shown above with Avy
years seems like a very long time of memories to conjure up. For sure,
they are filled with some significant emotional events that I will
attempt to capture. Hell, I
can’t really remember what happened 10 minutes ago.
But I’ll give it a try.
lasting memory of High School, finally graduating in 1962, was that I
spent every summer attending classes.
Trust me, they were not advanced classes.
The only good part was that after my senior year, I took
Driver’s Training which kept me from having to drive to
after high school years started very badly.
I had only one college in mind that I wanted to attend—
besides being untalented and unmotivated, I trekked off to the only
college I could get into away from home,
my seven-year college career, I worked five of them for Dorne &
Margolin, an antenna manufacturer, in Westbury and later
returning to Great Neck, I drove directly to the Air Force recruiter’s
office and said, “sign me up.” I tested, passed, and was sworn in
that day and put in the delayed enlistment program for 4 months until my
son, Robert, was born. (Significant emotional event 3).
I think I was one of the first people drafted who was married and
had a child on the way. What an honor?
I went to basic training in San Antonio.
It was spring/summer. So
off I went to the United States Air Force.
I was enlisted for the first year, 10 months and 26 days (who’s
really counting?) until I got accepted into officer’s Training School.
It was quite an accomplishment for someone with my academic
achievements. I had a 2.0001
G.P.A. at Post—yes, you can actually graduate with such low grades. I
applied six times for OTS. All
denied! Then the Air Force,
in its infinite wisdom, took all of the pilots who were flying in the
back seats of F-4s out due to attrition losses in Vietnam and a need for
pilots to actually fly the airplanes, not shoot missiles. The Air Force
decided to replace the pilots with navigators.
This created an immediate 2,000-navigator shortage.
Basically, if you could leave a mark on a mirror, you were in.
Excellent timing on my part! I
could pass the breathing test. No
summer school required!
went off to navigator training after scoring a pair of butter bars from
OTS. Once I decided that I
was really going to stay in Nav School, I aced everything and finished
near the top of my class. I
wanted to fly in C-141s but when they got to my choice, all were gone.
Since I could not get the plane I wanted to fly, I opted for B-52
training and wound up in Rome, N.Y. Aside from the great Italian food,
it was an awfully cold and snowy place.
started trying to get out of Rome, NY the day I arrived.
Unfortunately, my commander felt I needed to attend the
festivities in Southeast Asia, and they shipped me off for most of 1973
to the island paradise that was known as Guam and then to also relax
along the Gulf of Siam in Thailand at U-Tapao Royal Thai Navy Base.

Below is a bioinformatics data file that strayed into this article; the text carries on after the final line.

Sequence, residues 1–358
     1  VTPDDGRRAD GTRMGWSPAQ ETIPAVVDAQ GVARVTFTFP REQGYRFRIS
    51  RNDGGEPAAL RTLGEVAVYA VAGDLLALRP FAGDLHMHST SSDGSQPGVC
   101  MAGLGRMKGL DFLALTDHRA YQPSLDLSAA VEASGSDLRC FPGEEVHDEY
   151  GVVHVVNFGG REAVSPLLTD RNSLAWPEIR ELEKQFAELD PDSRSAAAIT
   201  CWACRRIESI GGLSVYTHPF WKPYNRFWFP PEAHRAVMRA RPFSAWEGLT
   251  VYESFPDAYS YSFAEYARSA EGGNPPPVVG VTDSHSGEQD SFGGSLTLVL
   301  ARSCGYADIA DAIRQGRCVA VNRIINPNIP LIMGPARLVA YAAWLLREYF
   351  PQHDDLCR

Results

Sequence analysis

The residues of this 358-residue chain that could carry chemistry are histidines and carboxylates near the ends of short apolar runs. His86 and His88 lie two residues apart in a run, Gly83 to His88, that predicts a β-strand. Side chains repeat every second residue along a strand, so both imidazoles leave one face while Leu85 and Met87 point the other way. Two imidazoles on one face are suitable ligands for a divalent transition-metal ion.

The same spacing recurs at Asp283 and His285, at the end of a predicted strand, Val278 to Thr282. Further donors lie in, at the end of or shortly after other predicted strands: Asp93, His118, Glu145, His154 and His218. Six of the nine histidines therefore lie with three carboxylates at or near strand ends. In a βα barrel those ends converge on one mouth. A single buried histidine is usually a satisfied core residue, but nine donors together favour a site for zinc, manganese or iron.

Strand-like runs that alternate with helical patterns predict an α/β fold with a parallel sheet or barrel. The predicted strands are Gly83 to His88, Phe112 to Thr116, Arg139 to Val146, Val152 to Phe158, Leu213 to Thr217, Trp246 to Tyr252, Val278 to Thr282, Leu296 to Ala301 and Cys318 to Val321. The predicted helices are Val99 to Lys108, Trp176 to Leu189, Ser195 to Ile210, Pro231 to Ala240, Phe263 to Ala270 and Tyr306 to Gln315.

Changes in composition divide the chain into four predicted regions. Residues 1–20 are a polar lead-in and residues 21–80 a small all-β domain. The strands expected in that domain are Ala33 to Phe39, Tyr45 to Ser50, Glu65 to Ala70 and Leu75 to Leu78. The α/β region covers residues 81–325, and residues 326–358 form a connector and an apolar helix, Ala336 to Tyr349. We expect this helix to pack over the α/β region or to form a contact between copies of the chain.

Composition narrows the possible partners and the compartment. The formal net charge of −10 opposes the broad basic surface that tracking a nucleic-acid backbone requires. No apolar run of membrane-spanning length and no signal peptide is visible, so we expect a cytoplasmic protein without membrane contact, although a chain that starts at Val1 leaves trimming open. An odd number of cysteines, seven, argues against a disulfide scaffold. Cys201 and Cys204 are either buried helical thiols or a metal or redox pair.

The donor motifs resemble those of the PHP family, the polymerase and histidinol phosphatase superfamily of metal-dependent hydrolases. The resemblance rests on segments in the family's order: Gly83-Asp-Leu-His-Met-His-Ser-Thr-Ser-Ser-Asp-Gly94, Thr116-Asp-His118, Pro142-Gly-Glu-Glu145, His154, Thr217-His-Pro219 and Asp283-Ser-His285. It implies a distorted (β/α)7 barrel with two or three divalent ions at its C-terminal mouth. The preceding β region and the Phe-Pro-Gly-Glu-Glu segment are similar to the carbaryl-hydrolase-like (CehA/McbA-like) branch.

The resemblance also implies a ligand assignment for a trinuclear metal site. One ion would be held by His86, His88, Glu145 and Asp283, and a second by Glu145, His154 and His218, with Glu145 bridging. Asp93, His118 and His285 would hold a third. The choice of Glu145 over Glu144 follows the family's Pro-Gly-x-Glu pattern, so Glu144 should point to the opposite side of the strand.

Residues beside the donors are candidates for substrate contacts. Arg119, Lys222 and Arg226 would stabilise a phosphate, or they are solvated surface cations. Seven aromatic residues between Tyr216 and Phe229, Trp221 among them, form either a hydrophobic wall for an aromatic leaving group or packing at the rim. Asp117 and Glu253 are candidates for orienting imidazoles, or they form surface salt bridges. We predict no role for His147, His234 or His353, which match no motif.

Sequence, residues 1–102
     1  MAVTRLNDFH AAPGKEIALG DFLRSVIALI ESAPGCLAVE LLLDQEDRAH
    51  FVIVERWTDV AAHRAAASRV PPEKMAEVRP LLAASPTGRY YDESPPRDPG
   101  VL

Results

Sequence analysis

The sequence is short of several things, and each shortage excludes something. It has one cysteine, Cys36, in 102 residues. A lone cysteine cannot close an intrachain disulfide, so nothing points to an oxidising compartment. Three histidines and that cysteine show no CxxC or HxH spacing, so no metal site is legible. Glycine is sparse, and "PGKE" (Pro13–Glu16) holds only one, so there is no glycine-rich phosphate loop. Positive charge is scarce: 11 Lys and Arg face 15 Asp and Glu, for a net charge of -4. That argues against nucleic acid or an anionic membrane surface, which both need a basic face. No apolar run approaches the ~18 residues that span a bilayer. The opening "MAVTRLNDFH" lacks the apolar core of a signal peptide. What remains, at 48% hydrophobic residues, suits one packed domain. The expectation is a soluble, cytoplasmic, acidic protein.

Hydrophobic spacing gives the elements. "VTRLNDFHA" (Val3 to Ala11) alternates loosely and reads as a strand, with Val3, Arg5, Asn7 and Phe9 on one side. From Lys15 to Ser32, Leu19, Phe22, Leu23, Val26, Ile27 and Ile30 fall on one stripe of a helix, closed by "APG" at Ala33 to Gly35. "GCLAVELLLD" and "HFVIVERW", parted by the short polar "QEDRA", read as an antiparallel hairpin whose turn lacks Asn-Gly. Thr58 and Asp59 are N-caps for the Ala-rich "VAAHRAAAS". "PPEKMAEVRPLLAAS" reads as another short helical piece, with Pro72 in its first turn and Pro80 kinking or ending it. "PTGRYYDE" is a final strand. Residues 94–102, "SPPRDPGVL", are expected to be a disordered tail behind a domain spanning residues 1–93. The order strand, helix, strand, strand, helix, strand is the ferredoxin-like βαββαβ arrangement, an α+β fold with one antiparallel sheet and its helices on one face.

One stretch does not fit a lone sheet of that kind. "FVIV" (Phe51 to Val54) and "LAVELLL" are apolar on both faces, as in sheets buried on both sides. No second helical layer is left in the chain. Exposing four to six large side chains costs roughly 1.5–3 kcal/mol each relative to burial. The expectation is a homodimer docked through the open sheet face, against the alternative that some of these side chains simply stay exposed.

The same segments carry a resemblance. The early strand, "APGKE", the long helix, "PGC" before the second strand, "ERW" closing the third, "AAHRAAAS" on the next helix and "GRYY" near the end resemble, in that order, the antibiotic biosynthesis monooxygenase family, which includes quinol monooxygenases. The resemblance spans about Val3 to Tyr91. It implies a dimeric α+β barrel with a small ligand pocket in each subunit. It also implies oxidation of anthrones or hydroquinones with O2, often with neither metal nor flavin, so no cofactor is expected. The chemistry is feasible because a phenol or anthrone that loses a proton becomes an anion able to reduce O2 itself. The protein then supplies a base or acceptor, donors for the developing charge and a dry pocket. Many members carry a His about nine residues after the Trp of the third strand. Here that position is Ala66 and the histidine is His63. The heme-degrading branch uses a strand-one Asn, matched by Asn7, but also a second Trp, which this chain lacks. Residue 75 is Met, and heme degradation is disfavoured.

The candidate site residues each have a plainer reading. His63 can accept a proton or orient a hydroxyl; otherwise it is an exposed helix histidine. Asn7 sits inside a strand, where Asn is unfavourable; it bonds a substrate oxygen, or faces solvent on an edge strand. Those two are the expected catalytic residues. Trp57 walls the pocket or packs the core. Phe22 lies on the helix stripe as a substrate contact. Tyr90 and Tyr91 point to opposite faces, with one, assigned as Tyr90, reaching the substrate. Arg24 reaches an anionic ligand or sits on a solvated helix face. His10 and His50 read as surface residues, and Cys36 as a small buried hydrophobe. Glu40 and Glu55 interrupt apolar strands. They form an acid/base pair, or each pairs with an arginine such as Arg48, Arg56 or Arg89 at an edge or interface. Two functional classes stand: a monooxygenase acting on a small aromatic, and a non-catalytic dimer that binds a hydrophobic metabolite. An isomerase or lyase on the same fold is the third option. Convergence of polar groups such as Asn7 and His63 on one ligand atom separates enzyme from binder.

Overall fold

my departure from the States, my folks showed up at the airport to see
me off. It was the first and
only time I ever saw my mother cry.
I flew 37 combat missions before the war came to a screeching
halt in August 1973. Within
days, we were back pulling nuclear alert in Guam.
But if you had to be in a war zone, these were the two best
places. Did I say there were
golf courses in both locales? Reminds
one of M.A.S.H., eh? My
daughter, Corey, was born while my crew was flying a combat mission
(Significant emotional event 4). I
got the news within about 15 minutes.
That was pretty spectacular for those days.
war ended and we reconstituted the B-52 force back to the U.S. (meaning
Rome, NY). When I left Guam,
it was 87 degrees. My first
stop was Minot, ND and it was minus 9 and that was in October.
Once I arrived back in Rome, NY, I found that it, too, was pretty
cold. (Still October).
I immediately started trying to get out of the cold.
I lucked out and was reassigned to Mather AFB in Sacramento which
was the start of being assigned to almost all warm weather locations for
the next 20-odd years.
had the usual collage of assignments in California starting as a Bomb
School instructor, head of standardization, and the Executive officer in
the Bomb / Nav School. I
also attended Pepperdine University and finished my masters.
Yes, you can get into grad school even with crappy grades and no
GREs. I returned to B-52 crew duties in Ft. Worth and was fortunate to
be later selected as a squadron commander of a basic training unit in
San Antonio, the same one I went through as a recruit.
It was the best job I ever had.
I laughed every day and learned so much about people and their
was then transported to a new time dimension in Los Angeles where I
commanded a recruiting squadron for 3 ½ years. That was probably the
most difficult challenge I ever faced. If you can imagine anything that
could be wrong with a business, I had it times 10.
I have never witnessed so many illegal activities happening in
one place. I fired and
replaced 60 of the 100 people who worked for me the first year.
Fortunately, we were able to turn the squadron around and for the last 2
½ years of my tour, it was one of the best units in A.F. Recruiting
after having finished number 35 of 35 units for 10 straight years.
reward for all the hard work was an all-expense paid year at the Air
Force Air War College in Montgomery, AL, working on my golf game and
getting a second master’s diploma in Strategic Studies.
My reward for a decent handicap (5) and a great suntan was an
all-expense-paid trip to Misawa, Japan.
It was actually a fairly quaint locale in Aomori Prefecture on
the northern end of Honshu Island, not terribly far from Sapporo, just
on a different Island. It was a fun place.
I was the director of Resource Management responsible for
providing supplies and equipment to most of the base units.
Misawa was a new and growing base.
If we whispered that we thought we needed a new building for
whatever purpose, the Japanese government built it.
(The Japanese were the Base host—it was their base).
I arrived, there was one newly completed aircraft shelter.
Three years later, there were 52.
These were all Fourth-generation shelters to house our F-16 jets,
and they were spectacular. I
was supposed to leave after 2 years but was asked to remain for a third